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Ben Johnson: Politicians lament national embarrassment

In 1976, Benjamin Sinclair Johnson was just a skinny immigrant kid struggling to make his high school track team. A decade later, he was a destroyer of world records, the "world's fastest man." Then it all came crashing down. His positive steroid test at the 1988 Seoul Olympics made headlines around the world, forever changing perceptions of Canadian athletes, the sport of track and field, and Ben Johnson.

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Ben Johnson's resounding victory in the 100 metres at the 1988 Seoul Games sparks a wild celebration from Victoria to St. John's. In Ottawa, Canadian Prime Minister Brian Mulroney watches Johnson set a new world record (9.79 seconds) then congratulates the sprinter over the phone. "It's a marvelous evening for Canada," Mulroney gushes in the televised conversation.

But soon, word spreads about Johnson's failed drug test. Federal Sports Minister Jean Charest addresses a press conference and admits that he had heard rumours of Johnson's drug use months ago. "I reacted as any reasonable person would do," he says, explaining that he couldn't launch an investigation based on rumour.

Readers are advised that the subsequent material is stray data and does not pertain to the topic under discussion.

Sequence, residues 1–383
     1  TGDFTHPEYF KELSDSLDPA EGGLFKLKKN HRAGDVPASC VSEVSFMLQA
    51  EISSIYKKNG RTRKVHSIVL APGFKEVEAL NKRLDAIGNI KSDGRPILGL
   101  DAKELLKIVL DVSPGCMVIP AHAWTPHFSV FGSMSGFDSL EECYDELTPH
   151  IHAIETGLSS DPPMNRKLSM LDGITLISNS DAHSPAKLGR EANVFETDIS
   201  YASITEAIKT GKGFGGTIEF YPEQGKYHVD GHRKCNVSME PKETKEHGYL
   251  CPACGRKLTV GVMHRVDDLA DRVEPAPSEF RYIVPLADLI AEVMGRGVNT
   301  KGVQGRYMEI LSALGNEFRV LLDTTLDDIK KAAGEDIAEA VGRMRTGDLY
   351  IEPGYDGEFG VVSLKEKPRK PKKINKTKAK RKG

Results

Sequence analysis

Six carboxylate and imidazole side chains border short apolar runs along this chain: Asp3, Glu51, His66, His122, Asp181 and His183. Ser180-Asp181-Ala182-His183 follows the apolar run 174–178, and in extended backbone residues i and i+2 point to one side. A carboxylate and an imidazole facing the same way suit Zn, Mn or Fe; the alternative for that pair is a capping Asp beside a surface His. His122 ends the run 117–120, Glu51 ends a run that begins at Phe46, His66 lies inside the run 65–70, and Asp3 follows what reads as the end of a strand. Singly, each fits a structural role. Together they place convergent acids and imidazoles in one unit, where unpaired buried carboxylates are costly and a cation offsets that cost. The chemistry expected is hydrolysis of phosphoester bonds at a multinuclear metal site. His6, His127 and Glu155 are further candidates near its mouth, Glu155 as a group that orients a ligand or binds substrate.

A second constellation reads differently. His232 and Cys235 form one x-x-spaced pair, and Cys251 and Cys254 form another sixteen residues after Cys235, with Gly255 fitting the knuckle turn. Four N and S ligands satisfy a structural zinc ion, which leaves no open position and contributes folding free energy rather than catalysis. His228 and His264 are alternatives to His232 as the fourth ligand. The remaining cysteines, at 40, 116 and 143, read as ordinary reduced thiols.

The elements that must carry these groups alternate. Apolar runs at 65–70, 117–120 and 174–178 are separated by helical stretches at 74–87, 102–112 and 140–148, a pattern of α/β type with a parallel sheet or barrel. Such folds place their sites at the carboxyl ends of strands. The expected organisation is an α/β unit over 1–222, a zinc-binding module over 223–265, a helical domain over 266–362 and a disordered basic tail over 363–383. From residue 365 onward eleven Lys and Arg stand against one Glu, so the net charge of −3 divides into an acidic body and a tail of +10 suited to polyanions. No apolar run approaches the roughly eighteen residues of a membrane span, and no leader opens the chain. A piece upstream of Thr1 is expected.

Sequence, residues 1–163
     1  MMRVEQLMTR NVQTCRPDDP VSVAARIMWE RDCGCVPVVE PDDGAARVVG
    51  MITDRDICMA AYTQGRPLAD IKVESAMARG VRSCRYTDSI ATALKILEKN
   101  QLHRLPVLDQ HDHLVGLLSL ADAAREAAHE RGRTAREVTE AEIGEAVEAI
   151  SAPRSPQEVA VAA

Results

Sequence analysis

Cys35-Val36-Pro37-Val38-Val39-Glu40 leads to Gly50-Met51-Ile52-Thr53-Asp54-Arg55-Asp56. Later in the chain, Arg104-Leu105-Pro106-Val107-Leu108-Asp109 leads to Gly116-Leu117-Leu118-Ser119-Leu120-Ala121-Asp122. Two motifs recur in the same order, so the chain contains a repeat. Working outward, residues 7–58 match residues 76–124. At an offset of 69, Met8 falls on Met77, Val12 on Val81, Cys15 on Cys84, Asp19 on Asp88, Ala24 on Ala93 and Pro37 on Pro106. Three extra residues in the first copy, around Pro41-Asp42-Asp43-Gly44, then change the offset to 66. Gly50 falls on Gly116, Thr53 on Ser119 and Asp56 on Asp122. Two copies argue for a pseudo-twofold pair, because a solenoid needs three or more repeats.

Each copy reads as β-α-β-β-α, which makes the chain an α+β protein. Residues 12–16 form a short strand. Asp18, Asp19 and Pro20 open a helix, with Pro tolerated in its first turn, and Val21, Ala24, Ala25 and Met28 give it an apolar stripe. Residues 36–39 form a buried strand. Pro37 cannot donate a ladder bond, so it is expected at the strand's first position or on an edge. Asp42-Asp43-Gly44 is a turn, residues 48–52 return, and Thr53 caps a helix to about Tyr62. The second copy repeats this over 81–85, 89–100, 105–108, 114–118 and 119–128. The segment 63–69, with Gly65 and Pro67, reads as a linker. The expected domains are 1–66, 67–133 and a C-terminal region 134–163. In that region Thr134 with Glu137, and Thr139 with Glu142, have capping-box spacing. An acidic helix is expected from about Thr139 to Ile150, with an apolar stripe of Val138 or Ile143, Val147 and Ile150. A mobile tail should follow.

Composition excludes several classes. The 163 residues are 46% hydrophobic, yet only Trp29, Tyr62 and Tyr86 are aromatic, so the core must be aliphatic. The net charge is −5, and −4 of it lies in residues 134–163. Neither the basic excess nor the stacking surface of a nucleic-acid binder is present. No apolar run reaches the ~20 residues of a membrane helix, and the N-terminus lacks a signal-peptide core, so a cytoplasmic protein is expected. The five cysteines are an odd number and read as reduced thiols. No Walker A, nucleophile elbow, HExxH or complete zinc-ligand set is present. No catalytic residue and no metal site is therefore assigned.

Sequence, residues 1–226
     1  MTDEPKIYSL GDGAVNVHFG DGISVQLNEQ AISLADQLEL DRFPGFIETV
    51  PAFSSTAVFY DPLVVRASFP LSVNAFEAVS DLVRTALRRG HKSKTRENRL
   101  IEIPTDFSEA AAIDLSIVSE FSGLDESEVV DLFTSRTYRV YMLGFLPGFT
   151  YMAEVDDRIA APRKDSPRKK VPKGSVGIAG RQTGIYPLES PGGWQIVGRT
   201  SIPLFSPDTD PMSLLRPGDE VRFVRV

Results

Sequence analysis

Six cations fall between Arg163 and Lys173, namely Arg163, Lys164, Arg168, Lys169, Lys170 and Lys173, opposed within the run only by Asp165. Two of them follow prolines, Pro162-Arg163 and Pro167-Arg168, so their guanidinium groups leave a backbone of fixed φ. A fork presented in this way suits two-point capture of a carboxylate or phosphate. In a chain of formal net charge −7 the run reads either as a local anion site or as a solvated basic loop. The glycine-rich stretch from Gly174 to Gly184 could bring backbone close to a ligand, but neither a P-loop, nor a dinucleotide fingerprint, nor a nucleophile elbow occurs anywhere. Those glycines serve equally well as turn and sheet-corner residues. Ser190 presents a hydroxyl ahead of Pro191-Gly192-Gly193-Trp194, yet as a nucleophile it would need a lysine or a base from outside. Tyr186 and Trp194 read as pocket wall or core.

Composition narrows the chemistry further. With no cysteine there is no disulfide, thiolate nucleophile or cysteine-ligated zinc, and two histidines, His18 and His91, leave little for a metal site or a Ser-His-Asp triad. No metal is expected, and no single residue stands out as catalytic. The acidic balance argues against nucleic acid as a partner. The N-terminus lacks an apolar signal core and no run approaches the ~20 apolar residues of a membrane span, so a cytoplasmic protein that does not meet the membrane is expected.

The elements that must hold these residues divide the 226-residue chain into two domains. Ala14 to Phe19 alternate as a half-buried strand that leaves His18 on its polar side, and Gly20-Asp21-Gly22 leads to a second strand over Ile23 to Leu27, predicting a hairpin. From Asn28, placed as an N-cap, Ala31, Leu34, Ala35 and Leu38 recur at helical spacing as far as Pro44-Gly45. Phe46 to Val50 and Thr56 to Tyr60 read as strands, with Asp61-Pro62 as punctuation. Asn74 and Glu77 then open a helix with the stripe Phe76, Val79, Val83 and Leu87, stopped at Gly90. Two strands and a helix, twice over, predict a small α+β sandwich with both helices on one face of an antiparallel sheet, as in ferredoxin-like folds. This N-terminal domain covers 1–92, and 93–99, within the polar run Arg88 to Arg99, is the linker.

• Johnson was stripped of his gold medal and his 1987 world record.
• When Canadian officials received word of Johnson's positive test he was rushed out of the Olympic village and checked into a Seoul hotel under a pseudonym. Shortly after, he boarded a plane for New York in the early morning.
Medium: Television
Program: The Journal
Broadcast Date: Sept. 26, 1988
Guest(s): Jean Charest, Robert Kaplan, Brian Mulroney
Host: Peter Mansbridge
Reporter: Wendy Mesley
Duration: 1:38

Last updated: April 20, 2012

Page consulted on September 10, 2014

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